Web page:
Why do houses burn but trees remain? Photos from California wildfires reveal lessons for B.C.
Retired U.S. Forest Service scientist examines wildfire footage to find ways to reduce burn risk
The wildfire situation in California is now the deadliest in the state's history, with at least 50 people killed, more than 100 missing or unaccounted for and the town of Paradise almost entirely destroyed.
But the footage coming out of affected communities tells an unexpected story, says a U.S. fire expert — one that could have lessons for wildfire prevention measures.
Jack Cohen, a retired U.S. Forest Service scientist, focuses his research on investigating how homes ignite during extreme wildfires and how fires move through communities.
He says fireproofing individual homes may be the most critical part of preventing the spread of wildfires.
"Our perception is that this wall of fire comes through and destroys everything, and yet what I'm seeing is that there couldn't have been a wall of fire," Cohen told Stephen Quinn, the host of CBC's The Early Edition.
"The thing that would have carried the wall of fire is still there: The trees are still there and the structures are destroyed."
Instead of a wall of flames descending, burning embers blow downwind and ignite many spot fires over a wide area.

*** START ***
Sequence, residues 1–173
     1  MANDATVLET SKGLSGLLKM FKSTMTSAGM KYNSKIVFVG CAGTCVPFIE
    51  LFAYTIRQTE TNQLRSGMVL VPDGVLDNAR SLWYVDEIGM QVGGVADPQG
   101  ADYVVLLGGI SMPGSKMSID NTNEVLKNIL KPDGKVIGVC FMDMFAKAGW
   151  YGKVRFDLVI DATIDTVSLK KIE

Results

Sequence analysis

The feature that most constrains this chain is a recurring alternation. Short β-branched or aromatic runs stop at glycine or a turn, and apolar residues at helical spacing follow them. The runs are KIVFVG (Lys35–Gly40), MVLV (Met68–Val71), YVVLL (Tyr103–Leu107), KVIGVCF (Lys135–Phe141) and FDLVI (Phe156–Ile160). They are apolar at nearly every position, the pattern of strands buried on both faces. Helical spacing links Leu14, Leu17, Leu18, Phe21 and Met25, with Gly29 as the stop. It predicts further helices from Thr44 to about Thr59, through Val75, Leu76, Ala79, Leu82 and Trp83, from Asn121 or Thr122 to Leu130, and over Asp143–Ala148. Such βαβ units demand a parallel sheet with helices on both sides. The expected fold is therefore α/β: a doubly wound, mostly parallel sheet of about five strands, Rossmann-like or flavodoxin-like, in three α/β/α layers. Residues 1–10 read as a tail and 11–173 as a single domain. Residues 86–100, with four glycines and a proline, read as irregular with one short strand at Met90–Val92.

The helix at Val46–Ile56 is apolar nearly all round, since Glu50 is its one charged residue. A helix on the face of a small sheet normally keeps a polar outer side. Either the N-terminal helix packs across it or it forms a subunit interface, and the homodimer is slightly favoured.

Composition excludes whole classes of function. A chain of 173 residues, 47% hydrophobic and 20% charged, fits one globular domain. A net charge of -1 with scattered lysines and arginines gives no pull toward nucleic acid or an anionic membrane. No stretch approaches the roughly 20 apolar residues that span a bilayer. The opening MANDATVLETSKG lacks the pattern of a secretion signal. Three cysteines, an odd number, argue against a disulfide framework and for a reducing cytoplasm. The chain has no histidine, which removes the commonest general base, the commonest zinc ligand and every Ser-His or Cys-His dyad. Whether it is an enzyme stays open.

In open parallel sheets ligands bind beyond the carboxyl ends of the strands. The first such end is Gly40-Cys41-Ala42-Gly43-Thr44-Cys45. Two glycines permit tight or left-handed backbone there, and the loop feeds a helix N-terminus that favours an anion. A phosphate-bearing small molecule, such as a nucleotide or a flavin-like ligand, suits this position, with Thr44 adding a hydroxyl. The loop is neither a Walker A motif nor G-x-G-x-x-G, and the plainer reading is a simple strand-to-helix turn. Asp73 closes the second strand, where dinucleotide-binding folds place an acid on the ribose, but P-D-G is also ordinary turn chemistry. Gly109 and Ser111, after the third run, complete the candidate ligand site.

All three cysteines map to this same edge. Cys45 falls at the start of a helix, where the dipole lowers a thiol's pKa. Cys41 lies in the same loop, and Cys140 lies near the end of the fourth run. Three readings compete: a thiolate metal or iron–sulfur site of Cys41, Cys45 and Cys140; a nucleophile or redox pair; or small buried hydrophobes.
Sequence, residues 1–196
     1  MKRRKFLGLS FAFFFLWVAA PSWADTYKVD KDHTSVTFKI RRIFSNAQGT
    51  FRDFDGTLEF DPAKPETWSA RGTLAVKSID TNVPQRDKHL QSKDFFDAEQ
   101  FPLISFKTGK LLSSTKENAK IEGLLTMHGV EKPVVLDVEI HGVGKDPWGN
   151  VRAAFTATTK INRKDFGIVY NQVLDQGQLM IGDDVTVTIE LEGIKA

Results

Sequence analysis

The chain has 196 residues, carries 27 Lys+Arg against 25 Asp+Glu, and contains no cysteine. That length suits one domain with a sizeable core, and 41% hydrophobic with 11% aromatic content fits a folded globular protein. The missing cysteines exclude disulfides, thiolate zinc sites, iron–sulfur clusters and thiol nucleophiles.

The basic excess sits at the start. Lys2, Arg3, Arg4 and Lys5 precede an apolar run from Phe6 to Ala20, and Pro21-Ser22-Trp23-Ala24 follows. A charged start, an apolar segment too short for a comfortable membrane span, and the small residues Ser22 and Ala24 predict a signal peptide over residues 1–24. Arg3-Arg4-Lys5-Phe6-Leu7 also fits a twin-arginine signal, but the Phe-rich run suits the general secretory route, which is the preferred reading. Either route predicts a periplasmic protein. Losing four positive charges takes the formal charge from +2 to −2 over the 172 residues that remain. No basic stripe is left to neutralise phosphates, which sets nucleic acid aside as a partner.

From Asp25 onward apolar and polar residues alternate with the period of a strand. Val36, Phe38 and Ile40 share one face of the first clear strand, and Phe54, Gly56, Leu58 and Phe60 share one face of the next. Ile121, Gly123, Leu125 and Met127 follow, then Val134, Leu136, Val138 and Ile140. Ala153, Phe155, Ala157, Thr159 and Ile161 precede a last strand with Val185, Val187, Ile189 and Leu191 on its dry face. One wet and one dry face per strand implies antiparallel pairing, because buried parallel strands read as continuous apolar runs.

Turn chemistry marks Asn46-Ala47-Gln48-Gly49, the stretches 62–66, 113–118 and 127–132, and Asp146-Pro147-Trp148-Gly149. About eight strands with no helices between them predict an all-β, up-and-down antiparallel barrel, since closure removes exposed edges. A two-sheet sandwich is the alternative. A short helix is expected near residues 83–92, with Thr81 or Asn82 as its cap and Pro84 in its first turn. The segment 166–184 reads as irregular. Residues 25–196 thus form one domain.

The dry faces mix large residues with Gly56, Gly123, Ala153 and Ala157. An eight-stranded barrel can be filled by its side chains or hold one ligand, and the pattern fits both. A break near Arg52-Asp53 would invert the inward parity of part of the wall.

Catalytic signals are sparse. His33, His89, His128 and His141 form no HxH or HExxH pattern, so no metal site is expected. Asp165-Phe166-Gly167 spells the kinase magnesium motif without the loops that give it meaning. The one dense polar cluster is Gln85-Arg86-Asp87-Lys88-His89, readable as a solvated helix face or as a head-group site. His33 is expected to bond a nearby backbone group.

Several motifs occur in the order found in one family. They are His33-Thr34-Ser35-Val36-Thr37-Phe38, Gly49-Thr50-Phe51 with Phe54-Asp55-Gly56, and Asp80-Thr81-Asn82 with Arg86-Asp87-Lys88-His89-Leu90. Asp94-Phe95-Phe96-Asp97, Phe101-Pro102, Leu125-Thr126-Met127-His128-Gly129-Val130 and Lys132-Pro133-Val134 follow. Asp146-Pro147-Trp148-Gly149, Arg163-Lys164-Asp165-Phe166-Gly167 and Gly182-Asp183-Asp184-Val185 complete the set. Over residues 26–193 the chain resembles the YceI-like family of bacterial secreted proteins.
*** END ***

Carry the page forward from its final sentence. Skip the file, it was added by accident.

"That's how the whole area can be burning at the same time," Cohen explained.
That's also why, from the photos coming out of the damaged communities, it looks almost as though there were hundreds of individual house fires rather than one fire sweeping through the entire town.
Removing clutter around homes that could become combustible is crucial, he said, and making sure there is nothing touching a structure that could ignite it.
"We make sure that we have no debris on the structure. We make sure that nothing can burn ... within the first metre to metre-and-a-half [of the house]," he said.
But that doesn't necessarily mean cutting back all vegetation.
As the photos show, large trees will still remain standing after a building burns down.
"Don't just look at destroyed structures," Cohen said. "Look at the area around the destroyed structures and what you see is unconsumed vegetation."
Instead, he suggested, keep a 30 metre buffer around buildings by clearing debris and surface fuels like old firewood, twigs and dried grasses.
"Ignition-resistant communities, that gives us an option for safety."
With files from The Early Edition